On May 11, 2018, the U.S. Securities and Exchange Commission’s Division of Corporation Finance issued a consolidated set of Compliance and Disclosure Interpretations (C&DIs) of the proxy rules and Schedules 14A/14C. The updated C&DIs include 45 questions and answers that replace the interpretations published in the Proxy Rules and Schedule 14A Manual of Publicly Available Telephone Interpretations and the March 1999 Supplement to that Manual. The SEC identified:
- six (C&DIs 124.01, 124.07, 126.02, 151.01, 161.03 and 163.01) as reflecting substantive changes; and
- four (C&DIs 126.04, 126.05, 158.01 and 158.03) as reflecting technical changes.
The C&DIs make clarifications and address a number of issues, including proxy disclosures needed to allow proxy holders to exercise their discretionary authority, matters requiring filing of a preliminary proxy statement or disclosure of financial information, and disclosures in the New Plan Benefits Table and about incumbent directors.
- Question 124.01: Rule 14a-4(b)(1) states that a proxy may confer discretionary authority with respect to matters as to which a choice has not been specified by the security holder, so long as the form of proxy states in boldfaced type how the proxy holder will vote where no choice is specified. If action is to be taken with respect to the election of directors and the persons solicited have cumulative voting rights, can a soliciting party cumulate votes among director nominees by simply indicating this in boldfaced type on the proxy card?
- Answer: Yes, as long as state law grants the proxy holder the authority to exercise discretion to cumulate votes and does not require separate security holder approval with respect to cumulative voting.
Question 124.01 clarifies that a soliciting party can exercise discretion to cumulate votes among director nominees by indicating, in boldface type on the proxy card, how the proxy holder will vote if no choice is specified, as long as state law grants the proxy holder the authority to exercise discretion to cumulate votes and does not require separate security holder approval with respect to cumulative voting. The change in this interpretation is that the proxy card itself must indicate (in boldface type) how the proxy holder will vote where no choice is specified. Disclosure of this information only in the proxy statement is not sufficient under this revised interpretation.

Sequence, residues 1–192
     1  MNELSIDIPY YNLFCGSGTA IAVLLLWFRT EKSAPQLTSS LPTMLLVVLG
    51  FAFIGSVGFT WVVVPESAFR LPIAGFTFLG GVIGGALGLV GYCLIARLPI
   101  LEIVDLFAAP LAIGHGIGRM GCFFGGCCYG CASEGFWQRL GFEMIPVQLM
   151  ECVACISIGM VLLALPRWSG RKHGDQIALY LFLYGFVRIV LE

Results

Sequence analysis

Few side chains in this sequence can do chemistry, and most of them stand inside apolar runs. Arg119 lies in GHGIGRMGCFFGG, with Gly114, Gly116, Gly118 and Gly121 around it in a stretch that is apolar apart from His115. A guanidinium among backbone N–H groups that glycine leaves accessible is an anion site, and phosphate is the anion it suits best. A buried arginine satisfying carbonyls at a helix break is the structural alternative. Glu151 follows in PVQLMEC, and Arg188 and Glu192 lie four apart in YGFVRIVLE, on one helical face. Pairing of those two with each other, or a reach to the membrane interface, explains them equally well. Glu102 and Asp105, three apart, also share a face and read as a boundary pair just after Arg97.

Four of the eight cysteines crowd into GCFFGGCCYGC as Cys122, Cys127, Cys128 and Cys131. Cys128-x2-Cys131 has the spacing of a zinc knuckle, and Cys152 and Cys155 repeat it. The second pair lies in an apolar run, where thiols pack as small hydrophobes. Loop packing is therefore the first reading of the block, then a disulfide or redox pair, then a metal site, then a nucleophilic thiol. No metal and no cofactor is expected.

- Question 124.07: The Division has permitted registrants to avoid filing proxy materials in preliminary form despite receipt of adequate advance notification of a non-Rule 14a-8 matter as long as the registrant disclosed in its proxy statement the nature of the matter and how the registrant intends to exercise discretionary authority if the matter is actually presented for a vote at the meeting. See Section IV.D of Release No. 34-40018 (May 21, 1998). Can a registrant rely on this position if it cannot properly exercise discretionary authority on the matter in accordance with Rule 14a-4(c)(2)?
- Answer: No.
Question 124.07 clarifies that a registrant must file a preliminary proxy when it receives adequate and timely advance notification of a non-Rule 14a-8 matter. The registrant will have adequate advance notice (and therefore will not have discretionary authority on the matter) if the proponent meets the three notice requirements under Rule 14a-4(c)(2). Companies receiving timely non-Rule 14a-8 proposals will have to account for the extra time for filing a preliminary proxy statement (at least 10 calendar days) in their annual meeting and proxy solicitation timelines.
- Question 126.02: Is a registrant required to file a preliminary proxy statement in connection with a proposed corporate name change to be submitted for security holder approval at the annual meeting?
- Answer: No. As set forth in Release No. 34-25217 (Dec. 21, 1987), the underlying purpose of the exclusions from the preliminary proxy filing requirement is “to relieve registrants and the Commission of unnecessary administrative burdens and preparation and processing costs associated with the filing and processing of proxy material that is currently subject to selective review procedures, but ordinarily is not selected for review in preliminary form.” Consistent with this purpose, a change in the registrant’s name, by itself, does not require the filing of a preliminary proxy statement.
The previous interpretation addressed a name change to remove the surname of a long-dead founder. The updated C&DI makes it clear that no preliminary proxy is required for any corporate name change and is not limited to a name change to remove a founder’s surname.